John’s Thoughts and Photos, September 2012

A great piece by Charley Doane over at Wavetrain on the folly of carrying jerry jugs of fuel on deck and how to make it unnecessary with smart motor-sailing.

More Long Thin Boats

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Click on photographs to enlarge.

I can’t get enough of these long thin boats. I came across this one in the paint shed at Billings Diesel and Marine. Tad Roberts, who designed her, has a very interesting web site.

And here is Matt Marsh’s—who provides great engineering and all around common sense in our comments here at AAC—take on a long thin power boat—looks like great minds think alike to me.

A rough guess would say that both boats can cruise at 7 knots on a little more than half a US gallon an hour. Say 11 to 12 nautical miles per gallon! Or, for our European readers, about 3 nautical miles per liter. Boats for the future, I say.

LOL

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This is a Hinckley Picnic Boat. I was chatting with a friend on the Hinckley dock at Southwest Harbour, Maine, where we had both cleared customs coming in from Nova Scotia. He gestured at the boat in the picture and said “you know what I call those?…Mooring Bling.” I nearly fell off the dock.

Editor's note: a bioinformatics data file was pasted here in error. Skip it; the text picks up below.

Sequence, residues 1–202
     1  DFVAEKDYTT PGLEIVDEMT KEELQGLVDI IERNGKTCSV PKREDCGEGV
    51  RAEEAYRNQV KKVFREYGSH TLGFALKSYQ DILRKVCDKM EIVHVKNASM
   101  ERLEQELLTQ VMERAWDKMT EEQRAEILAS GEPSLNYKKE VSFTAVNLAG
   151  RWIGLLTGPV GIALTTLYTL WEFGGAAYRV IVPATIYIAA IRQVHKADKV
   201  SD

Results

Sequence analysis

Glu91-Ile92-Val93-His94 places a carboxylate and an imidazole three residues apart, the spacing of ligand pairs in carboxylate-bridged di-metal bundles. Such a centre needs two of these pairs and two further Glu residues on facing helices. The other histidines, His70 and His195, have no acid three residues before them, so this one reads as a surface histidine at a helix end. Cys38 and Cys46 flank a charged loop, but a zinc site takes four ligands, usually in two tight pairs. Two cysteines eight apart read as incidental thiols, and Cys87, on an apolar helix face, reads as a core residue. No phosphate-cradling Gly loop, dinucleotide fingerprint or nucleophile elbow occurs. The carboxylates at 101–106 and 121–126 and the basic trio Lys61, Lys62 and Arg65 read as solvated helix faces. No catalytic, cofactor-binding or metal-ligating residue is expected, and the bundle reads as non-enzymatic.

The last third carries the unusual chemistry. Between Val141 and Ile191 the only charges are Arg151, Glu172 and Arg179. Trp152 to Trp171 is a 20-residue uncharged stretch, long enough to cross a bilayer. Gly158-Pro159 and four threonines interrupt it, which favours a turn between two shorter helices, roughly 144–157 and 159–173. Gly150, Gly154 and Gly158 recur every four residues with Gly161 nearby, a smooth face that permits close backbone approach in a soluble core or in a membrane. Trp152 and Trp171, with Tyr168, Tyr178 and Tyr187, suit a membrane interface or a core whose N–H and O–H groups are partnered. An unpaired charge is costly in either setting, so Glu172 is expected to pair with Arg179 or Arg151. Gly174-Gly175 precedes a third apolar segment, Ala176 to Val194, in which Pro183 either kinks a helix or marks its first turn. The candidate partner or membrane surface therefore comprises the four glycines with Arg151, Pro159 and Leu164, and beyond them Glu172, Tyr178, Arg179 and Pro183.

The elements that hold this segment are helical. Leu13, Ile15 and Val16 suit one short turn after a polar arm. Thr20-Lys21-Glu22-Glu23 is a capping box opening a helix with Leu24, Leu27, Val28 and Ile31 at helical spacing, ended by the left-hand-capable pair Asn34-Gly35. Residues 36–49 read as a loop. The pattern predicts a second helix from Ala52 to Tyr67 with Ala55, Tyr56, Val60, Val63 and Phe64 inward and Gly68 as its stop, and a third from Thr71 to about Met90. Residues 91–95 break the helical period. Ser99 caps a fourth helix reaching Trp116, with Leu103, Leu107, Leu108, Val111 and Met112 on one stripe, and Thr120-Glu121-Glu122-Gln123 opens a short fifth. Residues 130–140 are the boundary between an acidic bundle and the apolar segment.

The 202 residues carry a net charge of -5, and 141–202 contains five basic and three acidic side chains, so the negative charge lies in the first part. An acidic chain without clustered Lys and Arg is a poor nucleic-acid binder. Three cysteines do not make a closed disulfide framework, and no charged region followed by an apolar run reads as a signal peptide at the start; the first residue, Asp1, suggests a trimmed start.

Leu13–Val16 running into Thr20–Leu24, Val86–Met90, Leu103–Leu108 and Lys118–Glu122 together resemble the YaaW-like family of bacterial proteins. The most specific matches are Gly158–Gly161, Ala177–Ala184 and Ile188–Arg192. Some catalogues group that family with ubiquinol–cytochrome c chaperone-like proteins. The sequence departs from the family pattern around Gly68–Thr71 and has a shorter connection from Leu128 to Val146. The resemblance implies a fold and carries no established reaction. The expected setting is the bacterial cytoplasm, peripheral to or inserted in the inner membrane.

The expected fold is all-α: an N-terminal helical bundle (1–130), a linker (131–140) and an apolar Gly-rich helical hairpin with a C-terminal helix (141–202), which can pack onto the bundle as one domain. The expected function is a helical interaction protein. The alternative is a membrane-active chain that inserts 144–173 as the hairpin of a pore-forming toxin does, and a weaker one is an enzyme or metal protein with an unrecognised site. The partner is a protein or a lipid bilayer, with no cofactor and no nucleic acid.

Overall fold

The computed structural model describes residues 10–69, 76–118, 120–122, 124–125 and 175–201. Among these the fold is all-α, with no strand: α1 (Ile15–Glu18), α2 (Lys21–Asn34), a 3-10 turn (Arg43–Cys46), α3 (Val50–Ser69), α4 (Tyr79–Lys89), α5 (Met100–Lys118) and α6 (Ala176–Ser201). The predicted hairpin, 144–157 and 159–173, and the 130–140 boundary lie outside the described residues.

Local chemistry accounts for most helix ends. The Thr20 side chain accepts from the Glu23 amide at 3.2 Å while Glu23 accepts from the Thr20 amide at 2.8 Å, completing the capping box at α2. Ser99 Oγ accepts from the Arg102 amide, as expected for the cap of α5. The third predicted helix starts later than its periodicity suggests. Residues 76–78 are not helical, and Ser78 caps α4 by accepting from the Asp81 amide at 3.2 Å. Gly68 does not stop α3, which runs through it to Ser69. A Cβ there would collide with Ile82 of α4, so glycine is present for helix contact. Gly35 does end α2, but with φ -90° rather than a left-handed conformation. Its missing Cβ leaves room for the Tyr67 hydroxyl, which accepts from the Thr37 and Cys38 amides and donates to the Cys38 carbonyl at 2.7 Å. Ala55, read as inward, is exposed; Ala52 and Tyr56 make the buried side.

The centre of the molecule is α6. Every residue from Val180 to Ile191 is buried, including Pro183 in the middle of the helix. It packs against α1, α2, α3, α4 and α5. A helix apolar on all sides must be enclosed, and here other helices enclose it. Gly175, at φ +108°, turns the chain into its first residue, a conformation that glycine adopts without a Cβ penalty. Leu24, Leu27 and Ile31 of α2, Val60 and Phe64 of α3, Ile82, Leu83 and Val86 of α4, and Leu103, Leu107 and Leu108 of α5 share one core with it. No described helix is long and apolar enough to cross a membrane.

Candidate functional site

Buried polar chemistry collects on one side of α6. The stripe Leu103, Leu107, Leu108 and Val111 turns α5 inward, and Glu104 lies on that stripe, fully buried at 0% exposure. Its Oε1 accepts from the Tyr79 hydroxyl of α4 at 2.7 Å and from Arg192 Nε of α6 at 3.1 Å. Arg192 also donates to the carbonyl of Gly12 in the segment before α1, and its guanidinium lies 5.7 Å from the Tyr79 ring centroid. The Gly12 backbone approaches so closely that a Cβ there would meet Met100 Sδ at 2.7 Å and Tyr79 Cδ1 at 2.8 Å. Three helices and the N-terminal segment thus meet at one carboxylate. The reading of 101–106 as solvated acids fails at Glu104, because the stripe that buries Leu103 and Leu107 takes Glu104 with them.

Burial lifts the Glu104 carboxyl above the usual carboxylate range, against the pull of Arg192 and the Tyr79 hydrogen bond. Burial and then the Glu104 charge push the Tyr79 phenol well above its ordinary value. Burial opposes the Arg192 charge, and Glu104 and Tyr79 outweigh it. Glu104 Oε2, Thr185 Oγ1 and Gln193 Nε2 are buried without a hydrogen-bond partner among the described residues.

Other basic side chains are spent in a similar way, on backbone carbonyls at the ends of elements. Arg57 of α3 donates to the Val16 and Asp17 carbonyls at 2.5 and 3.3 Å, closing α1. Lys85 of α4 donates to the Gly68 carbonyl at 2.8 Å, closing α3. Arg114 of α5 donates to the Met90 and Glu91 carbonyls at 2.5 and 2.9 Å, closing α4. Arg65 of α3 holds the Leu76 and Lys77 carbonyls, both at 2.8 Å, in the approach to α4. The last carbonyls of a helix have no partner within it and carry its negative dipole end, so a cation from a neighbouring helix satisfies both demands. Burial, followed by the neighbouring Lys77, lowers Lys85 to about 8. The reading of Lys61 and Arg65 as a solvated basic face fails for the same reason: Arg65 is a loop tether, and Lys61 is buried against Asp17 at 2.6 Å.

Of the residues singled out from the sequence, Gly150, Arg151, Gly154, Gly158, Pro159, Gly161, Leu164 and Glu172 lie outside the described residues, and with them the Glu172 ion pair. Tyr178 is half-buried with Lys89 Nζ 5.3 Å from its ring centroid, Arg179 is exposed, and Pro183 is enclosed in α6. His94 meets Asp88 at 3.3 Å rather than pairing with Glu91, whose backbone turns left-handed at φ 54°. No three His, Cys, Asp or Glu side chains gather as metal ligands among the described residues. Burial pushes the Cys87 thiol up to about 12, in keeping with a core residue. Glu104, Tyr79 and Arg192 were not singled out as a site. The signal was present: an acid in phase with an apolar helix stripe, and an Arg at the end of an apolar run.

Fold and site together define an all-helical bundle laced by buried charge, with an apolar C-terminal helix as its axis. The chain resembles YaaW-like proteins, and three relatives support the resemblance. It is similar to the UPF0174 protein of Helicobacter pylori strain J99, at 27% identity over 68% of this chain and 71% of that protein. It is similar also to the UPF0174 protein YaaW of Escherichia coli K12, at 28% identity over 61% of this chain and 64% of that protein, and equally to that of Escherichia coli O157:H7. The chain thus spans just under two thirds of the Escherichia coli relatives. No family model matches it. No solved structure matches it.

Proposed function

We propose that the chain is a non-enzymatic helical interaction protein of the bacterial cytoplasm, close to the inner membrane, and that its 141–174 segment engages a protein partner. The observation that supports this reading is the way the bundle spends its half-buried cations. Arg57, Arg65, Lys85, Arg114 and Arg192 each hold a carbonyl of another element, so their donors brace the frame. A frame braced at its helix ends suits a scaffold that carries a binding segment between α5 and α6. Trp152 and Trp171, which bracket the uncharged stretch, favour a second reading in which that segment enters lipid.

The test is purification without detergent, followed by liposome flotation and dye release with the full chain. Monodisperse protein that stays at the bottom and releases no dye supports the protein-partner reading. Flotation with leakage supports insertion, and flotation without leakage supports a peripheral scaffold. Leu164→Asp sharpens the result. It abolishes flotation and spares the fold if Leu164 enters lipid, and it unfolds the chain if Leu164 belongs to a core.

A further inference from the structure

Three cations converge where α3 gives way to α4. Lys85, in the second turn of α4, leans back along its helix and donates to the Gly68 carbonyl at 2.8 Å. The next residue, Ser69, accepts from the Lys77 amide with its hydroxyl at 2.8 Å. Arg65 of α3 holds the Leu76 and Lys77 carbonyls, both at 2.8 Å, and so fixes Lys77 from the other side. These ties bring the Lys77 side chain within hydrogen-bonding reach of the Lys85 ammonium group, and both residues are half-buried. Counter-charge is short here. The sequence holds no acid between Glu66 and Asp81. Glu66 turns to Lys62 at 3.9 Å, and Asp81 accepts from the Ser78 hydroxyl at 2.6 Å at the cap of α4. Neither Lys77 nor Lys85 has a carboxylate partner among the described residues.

Time to Reef!

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The leading edge of a thunderstorm, Stonington Maine. When you see a cloud like this, as they say in the Caribbean, “If you ain’t scared, you ain’t right” (in the head).

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Meet the Author

John Harries

John was born and brought up in Bermuda and started sailing as a child, racing locally and offshore before turning to cruising. He has sailed over 100,000 miles, most of it on his McCurdy & Rhodes 56, Morgan's Cloud, including eight ocean races to Bermuda, culminating in winning his class twice in the Newport Bermuda Race. He has skippered a series of voyages in the North Atlantic, the majority of which have been to the high latitudes. John has been helping others go voyaging by sharing his experience for twenty years, first in yachting magazines and, for the last 12 years, as co-editor/publisher of AAC.

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